Kaplan: The Tampa Bay Lightning. After finding the price too high at the trade deadline, Lightning GM Steve Yzerman proved he's a wizard once again. Yzerman has to part with defenseman Mikhail Sergachev this time -- as well as a small collection of picks, prospects and roster players -- but somehow pulls off the massive trade, making the Lightning the NHL's first true NBA-style superteam. It's what hockey fans deserve.
Peters: The Senators. Ottawa didn't sell everyone off, and even if the Senators had some enticing offers for Karlsson this time around, I think their collective focus will be on mending and strengthening the relationship as best they can. On top of that, Ottawa has a solid pool of prospects that can start making more of an impact next year. Trade Karlsson and you're almost starting from Square 1 when you probably don't have to.
Allen: The Vegas Golden Knights. If they almost got it done on Monday, they should be able to really get it done in the offseason.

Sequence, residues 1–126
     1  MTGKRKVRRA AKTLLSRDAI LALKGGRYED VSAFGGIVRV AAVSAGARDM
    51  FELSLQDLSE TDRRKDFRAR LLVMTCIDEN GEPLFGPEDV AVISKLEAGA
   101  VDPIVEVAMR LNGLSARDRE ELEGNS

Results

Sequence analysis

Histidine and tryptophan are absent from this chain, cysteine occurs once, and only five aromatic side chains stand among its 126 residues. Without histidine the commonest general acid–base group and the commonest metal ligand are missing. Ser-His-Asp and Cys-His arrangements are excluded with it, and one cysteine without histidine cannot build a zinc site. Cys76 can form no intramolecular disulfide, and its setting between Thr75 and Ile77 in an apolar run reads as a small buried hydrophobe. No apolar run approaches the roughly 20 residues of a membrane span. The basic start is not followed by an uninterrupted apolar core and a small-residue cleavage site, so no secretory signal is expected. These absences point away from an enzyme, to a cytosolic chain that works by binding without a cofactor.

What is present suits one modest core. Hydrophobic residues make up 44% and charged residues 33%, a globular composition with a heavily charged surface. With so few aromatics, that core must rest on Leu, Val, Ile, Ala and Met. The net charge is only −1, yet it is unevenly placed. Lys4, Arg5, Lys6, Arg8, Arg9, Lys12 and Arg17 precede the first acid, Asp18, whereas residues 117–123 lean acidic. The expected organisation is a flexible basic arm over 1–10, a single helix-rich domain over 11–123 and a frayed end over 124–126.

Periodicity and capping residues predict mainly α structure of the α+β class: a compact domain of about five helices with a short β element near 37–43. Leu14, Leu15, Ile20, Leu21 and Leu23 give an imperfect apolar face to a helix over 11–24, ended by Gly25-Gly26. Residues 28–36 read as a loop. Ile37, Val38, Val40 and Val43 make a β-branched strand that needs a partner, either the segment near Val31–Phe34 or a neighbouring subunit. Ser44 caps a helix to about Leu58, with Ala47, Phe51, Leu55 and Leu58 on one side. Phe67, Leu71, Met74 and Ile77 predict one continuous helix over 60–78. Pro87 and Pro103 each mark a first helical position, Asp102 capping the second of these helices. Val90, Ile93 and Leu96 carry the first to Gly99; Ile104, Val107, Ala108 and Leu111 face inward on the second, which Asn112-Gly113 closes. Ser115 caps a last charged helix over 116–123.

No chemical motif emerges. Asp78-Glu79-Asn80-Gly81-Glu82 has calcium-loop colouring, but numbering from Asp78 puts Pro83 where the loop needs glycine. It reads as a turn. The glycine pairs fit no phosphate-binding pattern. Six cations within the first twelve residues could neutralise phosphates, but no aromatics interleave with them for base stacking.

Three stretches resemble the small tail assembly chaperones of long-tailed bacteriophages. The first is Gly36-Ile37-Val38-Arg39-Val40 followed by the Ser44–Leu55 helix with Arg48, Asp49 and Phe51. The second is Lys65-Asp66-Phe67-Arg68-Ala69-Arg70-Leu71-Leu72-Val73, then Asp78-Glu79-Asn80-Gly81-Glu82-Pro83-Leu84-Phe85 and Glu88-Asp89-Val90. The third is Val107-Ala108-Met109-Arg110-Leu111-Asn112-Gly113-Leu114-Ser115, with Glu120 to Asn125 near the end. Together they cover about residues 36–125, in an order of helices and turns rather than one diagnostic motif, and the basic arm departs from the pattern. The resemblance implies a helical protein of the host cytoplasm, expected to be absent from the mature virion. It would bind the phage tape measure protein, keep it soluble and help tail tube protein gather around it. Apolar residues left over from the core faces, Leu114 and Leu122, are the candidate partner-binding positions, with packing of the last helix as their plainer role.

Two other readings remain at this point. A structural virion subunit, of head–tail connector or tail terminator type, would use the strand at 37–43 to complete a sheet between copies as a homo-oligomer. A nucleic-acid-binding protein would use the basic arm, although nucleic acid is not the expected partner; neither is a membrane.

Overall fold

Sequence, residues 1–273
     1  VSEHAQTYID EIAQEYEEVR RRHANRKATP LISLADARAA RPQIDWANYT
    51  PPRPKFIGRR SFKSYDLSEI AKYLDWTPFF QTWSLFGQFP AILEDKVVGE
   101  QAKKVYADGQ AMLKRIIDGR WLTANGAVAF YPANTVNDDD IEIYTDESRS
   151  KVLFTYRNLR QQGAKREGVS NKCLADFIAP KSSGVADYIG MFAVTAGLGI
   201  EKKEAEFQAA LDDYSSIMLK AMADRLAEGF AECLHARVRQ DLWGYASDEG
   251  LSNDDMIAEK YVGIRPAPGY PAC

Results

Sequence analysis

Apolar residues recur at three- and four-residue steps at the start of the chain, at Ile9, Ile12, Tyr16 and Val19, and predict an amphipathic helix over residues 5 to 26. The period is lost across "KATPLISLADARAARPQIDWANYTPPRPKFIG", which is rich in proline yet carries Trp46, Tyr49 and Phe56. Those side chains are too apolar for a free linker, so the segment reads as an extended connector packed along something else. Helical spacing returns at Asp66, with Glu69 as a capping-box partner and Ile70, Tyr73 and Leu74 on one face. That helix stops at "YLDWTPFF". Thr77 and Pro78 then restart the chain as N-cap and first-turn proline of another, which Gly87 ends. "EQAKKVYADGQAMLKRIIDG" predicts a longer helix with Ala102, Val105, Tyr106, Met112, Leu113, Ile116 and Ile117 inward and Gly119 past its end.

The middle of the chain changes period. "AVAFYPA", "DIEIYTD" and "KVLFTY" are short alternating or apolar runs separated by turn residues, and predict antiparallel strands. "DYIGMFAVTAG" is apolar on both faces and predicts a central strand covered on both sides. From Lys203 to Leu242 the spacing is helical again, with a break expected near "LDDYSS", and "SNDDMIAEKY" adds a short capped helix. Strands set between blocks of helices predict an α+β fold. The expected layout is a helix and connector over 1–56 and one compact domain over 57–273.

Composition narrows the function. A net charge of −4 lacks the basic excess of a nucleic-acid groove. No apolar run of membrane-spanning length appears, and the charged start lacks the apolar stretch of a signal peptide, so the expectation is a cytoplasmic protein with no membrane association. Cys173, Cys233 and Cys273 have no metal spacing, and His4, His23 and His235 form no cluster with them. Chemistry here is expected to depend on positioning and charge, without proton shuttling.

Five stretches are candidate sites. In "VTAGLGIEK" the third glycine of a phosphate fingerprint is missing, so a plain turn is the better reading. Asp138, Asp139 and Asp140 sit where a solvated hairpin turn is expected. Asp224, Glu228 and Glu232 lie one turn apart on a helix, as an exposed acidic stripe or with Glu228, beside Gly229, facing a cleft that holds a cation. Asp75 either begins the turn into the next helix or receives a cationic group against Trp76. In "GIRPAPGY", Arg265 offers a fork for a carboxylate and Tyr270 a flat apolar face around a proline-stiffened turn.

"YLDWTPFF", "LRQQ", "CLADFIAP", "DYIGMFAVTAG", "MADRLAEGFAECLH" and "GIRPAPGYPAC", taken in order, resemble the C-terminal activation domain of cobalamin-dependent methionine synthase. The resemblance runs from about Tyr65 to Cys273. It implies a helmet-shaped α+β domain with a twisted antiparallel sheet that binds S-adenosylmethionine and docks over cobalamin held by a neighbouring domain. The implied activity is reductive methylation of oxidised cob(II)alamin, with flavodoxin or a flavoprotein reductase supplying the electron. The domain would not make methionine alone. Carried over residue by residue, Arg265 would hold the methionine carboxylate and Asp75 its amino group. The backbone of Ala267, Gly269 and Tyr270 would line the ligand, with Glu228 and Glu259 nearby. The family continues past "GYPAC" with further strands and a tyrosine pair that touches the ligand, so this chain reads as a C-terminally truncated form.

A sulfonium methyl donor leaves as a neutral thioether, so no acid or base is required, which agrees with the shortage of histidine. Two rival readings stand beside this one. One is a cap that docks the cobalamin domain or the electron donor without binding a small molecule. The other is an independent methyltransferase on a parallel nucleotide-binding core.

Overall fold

Which team most directly improved its Stanley Cup chances at the deadline?
Wyshynski: The Winnipeg Jets. The Western Conference is an arms race, and in Paul Stastny they added a better player than any of the other rentals they were chasing. They also now go three deep at center, with Mark Scheifele, Bryan Little and Stastny -- which has become mandatory. The Jets went from being a Stanley Cup contender to leading some Western Conference executives to say that the run to the Cup will go through Winnipeg.
Kaplan: The Pittsburgh Penguins. This is a team that is finding its stride at the right time, and it got a whole lot better by adding Derick Brassard as its third-line center. Sidney Crosby-Evgeni Malkin-Brassard might be the toughest 1-2-3 punch in the league. After the Pens won the Cup last summer, they had to part with Nick Bonino and Matt Cullen, making center depth the biggest area of concern. Now that has been addressed ... and the rest of the league is on notice. Again.
Peters: The Lightning. If there was one area where Tampa Bay could use some improvement (and it didn't need a ton), it was on the blue line. Nabbing Ryan McDonagh for their top four suddenly puts the Lightning in the conversation with the Nashville Predators for one of the best defensive corps. J.T. Miller also gives Tampa Bay a player with comparable production to Vladislav Namestnikov, who was traded away, while increasing the grit factor a little bit. Being able to swing a deal without having to lose Sergachev or Brayden Point was some outstanding GM work by Yzerman.